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NEW YORK (TheStreet) -- Today was a down day for the markets, but investors should take it all in stride, Jim Cramer told his Mad Money viewers Wednesday. Selloffs like today are when the weak hands get flushed out, he continued, and ultimately that's a good thing.
So what had the markets in retreat today? Well, first there were negative comments from activist investor Carl Icahn, who likened present-day stock prices to that of 2007. Ouch. But Cramer noted that Icahn is still fully invested in stocks like Apple (AAPL), a stock Cramer also owns for his charitable trust, Action Alerts PLUS, so perhaps Icahn's assessment wasn't complete genuine.
Then of course, the markets didn't like Greece, which was showing less confidence of a deal than it was yesterday. There were also downgrades of Goldman Sachs (GS) and Citigroup (C) weighing down the banking sector, and downgrades of the cyber security stocks as well.
Add all that to continued weakness in the transports and Cramer said the markets really didn't have anything positive to rally around during today's session.
What should investors do? Nothing, Cramer said, as they can simply wait for the negative stuff to pass... as it always does.
Get Ready for a New Baxter
It's been a tough year for medical supply giant Baxter International (BAX), a stock that's down 2.4% so far in 2015. But the turn may finally be at hand because the company is now set to spin off its bioscience division.
As it's currently configured, Baxter is a difficult company to figure value. It derives 60% of its sales from medical products like pre-filled syringes, vaccines and infusion pumps, while 40% of its revenue stem from its bioscience products.
In 2014, Baxter's earnings fell below its guidance, prompting the company in 2015 to stop issuing guidance altogether. The questions were raised about the safety of its 3% dividend yield, sending shares to 18 months lows.
But then Baxter announced it will spin off its bioscience division as a company called Baxalta, news that has been sending shares higher ever since.
As two separate entities, Baxter will be a cleaner, simpler story, Cramer noted, something that money managers will be able to easily value and will gravitate to thanks to easy comparisons and a peaking of the U.S. dollar.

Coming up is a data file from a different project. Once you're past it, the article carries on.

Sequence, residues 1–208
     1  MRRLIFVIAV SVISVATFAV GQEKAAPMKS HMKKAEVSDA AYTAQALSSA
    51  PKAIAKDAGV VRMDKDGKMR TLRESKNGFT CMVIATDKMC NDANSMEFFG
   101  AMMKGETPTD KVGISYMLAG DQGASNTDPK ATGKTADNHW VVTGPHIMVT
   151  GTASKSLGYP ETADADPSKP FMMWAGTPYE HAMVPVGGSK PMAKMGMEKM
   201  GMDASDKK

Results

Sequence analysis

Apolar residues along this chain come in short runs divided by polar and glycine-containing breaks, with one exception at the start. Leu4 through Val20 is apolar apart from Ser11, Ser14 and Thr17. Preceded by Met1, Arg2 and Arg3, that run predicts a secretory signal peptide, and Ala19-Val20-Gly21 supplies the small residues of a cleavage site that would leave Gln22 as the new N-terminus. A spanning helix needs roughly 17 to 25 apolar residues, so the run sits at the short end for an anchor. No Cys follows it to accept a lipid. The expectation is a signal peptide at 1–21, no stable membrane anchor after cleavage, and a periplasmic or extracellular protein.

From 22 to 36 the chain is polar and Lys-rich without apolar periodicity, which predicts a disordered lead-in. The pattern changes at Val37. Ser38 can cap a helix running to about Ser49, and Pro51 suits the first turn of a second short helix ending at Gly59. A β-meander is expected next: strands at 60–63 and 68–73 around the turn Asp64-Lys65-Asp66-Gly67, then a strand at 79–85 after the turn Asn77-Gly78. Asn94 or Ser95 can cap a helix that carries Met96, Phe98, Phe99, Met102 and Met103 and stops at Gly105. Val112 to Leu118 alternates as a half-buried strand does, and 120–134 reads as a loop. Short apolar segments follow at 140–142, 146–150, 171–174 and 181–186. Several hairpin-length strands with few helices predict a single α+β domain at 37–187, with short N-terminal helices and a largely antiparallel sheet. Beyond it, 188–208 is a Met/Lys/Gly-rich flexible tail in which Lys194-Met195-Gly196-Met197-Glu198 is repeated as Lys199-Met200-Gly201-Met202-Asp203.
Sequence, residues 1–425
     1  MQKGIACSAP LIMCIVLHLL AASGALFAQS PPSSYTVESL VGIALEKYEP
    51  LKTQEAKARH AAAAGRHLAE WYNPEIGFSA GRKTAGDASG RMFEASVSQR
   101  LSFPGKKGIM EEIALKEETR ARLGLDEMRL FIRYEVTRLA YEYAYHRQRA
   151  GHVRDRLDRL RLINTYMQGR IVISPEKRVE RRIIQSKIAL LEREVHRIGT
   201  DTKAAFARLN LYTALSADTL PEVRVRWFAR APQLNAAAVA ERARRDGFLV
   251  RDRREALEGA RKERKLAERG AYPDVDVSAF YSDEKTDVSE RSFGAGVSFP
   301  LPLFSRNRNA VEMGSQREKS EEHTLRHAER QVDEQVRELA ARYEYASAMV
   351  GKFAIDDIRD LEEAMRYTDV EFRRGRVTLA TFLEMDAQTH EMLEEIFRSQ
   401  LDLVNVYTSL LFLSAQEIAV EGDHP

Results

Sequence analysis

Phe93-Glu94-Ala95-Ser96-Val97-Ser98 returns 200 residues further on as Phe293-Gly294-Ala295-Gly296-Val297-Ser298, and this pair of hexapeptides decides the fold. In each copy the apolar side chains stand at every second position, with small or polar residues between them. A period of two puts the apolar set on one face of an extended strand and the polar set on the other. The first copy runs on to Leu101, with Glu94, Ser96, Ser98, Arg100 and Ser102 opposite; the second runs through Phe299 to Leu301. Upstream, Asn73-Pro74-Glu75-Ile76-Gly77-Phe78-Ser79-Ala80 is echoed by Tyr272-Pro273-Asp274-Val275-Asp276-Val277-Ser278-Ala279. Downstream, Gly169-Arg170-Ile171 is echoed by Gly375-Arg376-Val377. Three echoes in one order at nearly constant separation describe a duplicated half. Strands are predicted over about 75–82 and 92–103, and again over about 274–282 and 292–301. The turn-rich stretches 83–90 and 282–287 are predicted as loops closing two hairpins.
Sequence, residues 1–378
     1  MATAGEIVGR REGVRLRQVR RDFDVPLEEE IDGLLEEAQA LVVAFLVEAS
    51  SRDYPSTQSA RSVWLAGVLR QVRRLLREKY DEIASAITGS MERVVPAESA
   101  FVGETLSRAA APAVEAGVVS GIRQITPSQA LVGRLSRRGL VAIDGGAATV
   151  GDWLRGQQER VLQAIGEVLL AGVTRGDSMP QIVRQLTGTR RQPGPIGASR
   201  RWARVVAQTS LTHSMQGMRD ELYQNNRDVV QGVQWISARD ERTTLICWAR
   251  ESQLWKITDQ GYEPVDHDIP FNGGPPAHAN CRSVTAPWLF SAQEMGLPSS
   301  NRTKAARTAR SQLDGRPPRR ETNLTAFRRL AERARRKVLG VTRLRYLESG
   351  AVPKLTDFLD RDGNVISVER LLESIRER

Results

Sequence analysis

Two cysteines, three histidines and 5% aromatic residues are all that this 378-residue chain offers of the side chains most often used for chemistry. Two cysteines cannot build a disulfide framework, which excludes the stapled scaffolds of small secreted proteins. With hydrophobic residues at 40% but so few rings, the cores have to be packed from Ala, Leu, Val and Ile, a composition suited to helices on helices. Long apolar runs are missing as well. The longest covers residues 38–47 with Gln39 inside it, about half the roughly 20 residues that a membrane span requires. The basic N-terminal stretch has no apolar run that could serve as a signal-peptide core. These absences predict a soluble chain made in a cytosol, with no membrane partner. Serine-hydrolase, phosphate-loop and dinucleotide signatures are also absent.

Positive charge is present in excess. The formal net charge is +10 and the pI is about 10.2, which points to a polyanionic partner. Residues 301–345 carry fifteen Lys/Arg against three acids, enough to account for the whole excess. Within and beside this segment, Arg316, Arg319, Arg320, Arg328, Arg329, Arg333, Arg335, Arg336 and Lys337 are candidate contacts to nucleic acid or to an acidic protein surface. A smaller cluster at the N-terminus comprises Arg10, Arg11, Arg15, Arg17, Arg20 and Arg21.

Sweet on Mondelez
The time may finally be right for Mondelez International (MDLZ), the international half of Kraft Foods (KRFT) that was spun off in 2012, to start heading higher, Cramer told viewers. Mondelez got off to a sluggish start, but is now turning itself around as currency pressures begin finally abating.
Mondelez is home of such beloved brands as Oreo, Triscuit, and Cadbury, among many others. The company is truly a global powerhouse, with 40% of sales from Europe, 20% from North America and 15% from Latin America, with the rest of the globe filling in the gaps. The company is number one in global market share for biscuits and chocolate and number two for coffee.
Shares of Mondelez are up 13% so far in 2015, making new highs, because the company is streamlining production, cutting costs and focusing its efforts on its power snack brands. The company plans to reduce overhead by $1.5 billion by 2018 while at the same time investing for growth with five new production lines that will begin producing its products nearly twice as fast.
Add to all of these positives the fact that the U.S. dollar may have finally peaked and activist investor Nelson Peltz taking an interest in Mondelez and Cramer said you've got a winning stock.
Fighting Infant Mortality
In a special interview, Cramer sat down with Jane Chen, CEO of the privately held Embrace Innovations, a company combating infant mortality around the globe.
Chen explained that 15 million pre-term and underweight babies are born every year and nearly three million will die in the first third days. Embrace has developed an inexpensive, portable baby warmer for developing countries that costs just 1% of traditional incubators.
Embrace now has a for-profit spinoff that is selling the "Little Lotus," a swaddle blanket that uses some of the same technology. For every product sold, some of the proceeds will help fund their efforts to help one million babies around the globe.
Cramer also spoke with Drue Kataoka, an artist helping to raise awareness of infant mortality through a project called "Touch Our Future," which can be found at touchourfuture.org
No Huddle Offense
In his "No Huddle Offense" segment, Cramer pondered which made more sense, Netflix (NFLX) up $25 a share on the news of its 7-for-1 stock split, or Netflix down $2 a share in the wake of Carl Icahn liquidating his position and taking a victory lap.
Cramer reminded viewers that stock splits don't create any new value, but they do increase liquidity. That means a volatile and emotional stock like Netflix will most surely begin to settle down and start trading like a normal stock instead of a plaything for hedge fund managers like Icahn.
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